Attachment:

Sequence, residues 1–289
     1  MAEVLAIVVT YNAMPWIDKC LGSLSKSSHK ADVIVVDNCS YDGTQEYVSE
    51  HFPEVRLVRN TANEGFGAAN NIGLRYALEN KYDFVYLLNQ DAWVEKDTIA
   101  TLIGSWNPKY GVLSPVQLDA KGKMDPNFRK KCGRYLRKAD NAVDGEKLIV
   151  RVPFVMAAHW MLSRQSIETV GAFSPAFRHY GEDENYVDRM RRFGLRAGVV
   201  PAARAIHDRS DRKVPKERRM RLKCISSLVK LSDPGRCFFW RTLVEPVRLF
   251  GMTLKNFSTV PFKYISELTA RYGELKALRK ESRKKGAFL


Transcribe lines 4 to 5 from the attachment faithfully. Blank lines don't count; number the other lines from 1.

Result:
   101  TLIGSWNPKY GVLSPVQLDA KGKMDPNFRK KCGRYLRKAD NAVDGEKLIV
   151  RVPFVMAAHW MLSRQSIETV GAFSPAFRHY GEDENYVDRM RRFGLRAGVV